To ensure that the benefits system does not take away what the tax system gives, my report therefore also advocates bold action on Universal Credit, suggesting that the taper – the rate at which benefits are withdrawn against each pound of post-tax earnings over any work allowance – should be cut from 63p to 50p. This would give a huge boost to the lowest earners, while also giving them a strong incentive to increase their hours and make progress in the workplace.
This may, I suppose, sound a bit like a policy wish list – and an expensive one at that. All told, the reforms outlined in my report would cost up to £13.5 billion, with the lion’s share going to raise the National Insurance threshold and cut the Universal Credit taper rate. (The cost could be covered by a move to ISA-style pension tax relief, reforms to National Insurance, and a range of other savings that will be detailed in full in a forthcoming CPS report.)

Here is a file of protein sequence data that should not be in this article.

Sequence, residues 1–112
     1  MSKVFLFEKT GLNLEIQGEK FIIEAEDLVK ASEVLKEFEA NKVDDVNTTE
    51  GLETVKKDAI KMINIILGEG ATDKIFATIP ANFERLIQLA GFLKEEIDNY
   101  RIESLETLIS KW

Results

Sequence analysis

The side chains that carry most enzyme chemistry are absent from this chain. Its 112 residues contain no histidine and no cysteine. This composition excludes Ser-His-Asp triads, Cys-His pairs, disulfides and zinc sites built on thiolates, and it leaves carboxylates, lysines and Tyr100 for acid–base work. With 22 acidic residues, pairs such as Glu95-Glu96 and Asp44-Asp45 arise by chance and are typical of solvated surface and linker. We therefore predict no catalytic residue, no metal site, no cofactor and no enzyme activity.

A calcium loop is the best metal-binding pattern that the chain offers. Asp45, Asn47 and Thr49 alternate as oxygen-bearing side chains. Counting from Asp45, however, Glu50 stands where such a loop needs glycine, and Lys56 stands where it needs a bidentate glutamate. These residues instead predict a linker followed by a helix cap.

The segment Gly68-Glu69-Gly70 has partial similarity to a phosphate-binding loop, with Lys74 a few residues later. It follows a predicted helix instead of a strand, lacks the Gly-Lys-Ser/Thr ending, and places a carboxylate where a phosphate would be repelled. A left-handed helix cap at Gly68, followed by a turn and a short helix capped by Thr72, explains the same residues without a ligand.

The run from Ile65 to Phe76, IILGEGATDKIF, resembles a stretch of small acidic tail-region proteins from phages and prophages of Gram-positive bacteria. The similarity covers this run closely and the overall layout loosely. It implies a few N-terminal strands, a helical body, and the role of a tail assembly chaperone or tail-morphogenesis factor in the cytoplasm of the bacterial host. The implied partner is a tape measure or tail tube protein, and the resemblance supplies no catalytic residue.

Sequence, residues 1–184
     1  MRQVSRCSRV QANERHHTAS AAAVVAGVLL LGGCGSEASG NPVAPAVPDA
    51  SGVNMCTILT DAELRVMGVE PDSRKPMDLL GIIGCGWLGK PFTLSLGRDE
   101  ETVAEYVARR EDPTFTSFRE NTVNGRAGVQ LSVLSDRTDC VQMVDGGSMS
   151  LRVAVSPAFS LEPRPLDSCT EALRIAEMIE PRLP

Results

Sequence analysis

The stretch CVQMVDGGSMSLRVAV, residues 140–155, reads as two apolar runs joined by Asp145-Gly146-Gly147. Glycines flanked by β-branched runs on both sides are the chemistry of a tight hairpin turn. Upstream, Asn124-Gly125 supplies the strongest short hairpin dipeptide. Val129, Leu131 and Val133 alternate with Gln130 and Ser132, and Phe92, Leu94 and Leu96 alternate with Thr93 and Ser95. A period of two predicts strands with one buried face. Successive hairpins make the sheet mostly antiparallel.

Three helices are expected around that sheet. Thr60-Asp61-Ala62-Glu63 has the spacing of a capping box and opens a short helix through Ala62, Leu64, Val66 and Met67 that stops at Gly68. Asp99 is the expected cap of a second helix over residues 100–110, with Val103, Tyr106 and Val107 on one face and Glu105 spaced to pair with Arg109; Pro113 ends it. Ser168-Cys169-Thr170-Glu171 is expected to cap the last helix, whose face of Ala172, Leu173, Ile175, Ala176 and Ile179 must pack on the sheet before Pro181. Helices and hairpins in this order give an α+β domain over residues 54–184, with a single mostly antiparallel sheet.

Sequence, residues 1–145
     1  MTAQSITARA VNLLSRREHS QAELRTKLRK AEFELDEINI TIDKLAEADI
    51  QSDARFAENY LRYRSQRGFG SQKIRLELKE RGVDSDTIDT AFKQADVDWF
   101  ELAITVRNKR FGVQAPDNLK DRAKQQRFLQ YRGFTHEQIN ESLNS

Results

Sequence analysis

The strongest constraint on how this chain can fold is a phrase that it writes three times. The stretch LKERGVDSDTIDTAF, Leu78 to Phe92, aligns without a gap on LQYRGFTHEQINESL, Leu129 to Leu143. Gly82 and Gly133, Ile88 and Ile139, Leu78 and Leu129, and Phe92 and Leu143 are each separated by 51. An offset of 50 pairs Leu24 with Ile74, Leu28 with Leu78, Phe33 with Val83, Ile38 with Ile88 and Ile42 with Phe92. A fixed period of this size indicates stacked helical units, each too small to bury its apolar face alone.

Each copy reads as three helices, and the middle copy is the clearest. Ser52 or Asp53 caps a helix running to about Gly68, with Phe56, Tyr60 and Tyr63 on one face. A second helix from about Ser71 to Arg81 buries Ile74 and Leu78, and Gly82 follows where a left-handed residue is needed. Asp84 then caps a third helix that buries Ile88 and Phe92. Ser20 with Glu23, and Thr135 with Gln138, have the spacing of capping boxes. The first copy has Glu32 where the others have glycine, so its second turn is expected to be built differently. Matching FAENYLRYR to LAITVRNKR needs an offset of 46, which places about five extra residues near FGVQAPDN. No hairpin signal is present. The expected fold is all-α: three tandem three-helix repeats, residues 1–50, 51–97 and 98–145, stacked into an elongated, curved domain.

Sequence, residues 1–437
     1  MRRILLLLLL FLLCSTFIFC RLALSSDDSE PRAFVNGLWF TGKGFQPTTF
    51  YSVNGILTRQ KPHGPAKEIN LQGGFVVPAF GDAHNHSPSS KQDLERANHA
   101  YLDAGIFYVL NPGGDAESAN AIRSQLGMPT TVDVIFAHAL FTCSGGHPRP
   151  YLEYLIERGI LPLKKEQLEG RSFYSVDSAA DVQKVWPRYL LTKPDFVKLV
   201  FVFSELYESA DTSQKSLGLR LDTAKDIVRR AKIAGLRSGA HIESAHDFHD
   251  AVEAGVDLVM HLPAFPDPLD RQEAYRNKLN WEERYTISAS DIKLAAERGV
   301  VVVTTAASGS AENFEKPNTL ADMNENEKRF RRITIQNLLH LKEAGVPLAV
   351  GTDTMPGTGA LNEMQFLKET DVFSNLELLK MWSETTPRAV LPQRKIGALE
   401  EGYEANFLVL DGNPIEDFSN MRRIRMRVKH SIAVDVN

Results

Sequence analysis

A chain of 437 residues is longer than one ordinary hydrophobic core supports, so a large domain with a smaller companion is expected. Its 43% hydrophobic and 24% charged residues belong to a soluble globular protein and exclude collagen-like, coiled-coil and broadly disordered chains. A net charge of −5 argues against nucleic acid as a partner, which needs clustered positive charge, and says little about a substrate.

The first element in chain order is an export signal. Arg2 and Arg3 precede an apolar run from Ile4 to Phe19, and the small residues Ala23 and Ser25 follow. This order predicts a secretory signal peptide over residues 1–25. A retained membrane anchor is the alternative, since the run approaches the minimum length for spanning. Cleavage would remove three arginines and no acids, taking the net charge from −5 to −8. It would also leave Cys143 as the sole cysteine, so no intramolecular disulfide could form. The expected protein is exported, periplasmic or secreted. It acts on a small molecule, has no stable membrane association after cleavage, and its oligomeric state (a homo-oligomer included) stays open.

But while it’s true that each of the proposals I’ve outlined here would be a good thing in its own right, taken together they add up to something much bigger – to a new approach to tax and welfare reform organised around a single, universal principle: that government should do everything in its power to ensure that work always pays.
The polling we carried out as part of my research makes clear that this agenda would be popular: 76 per cent of those polled supported the idea of the universal working income (against 9 percent opposed), while 61 percent backed the work guarantee (against 18 percent who disagreed).
Ultimately, though, making work pay is about much more than political popularity: it’s about a fairer deal for middle-class families; it’s about people being able to work harder and longer without the taxman punishing them for it; and it’s about letting the poorest workers keep more of their hard-earned cash. It is – as Lord Saatchi wrote in the foreword to my report – about giving people more control over their finances and over their lives. And that is surely an appropriate goal for any Conservative Government to pursue.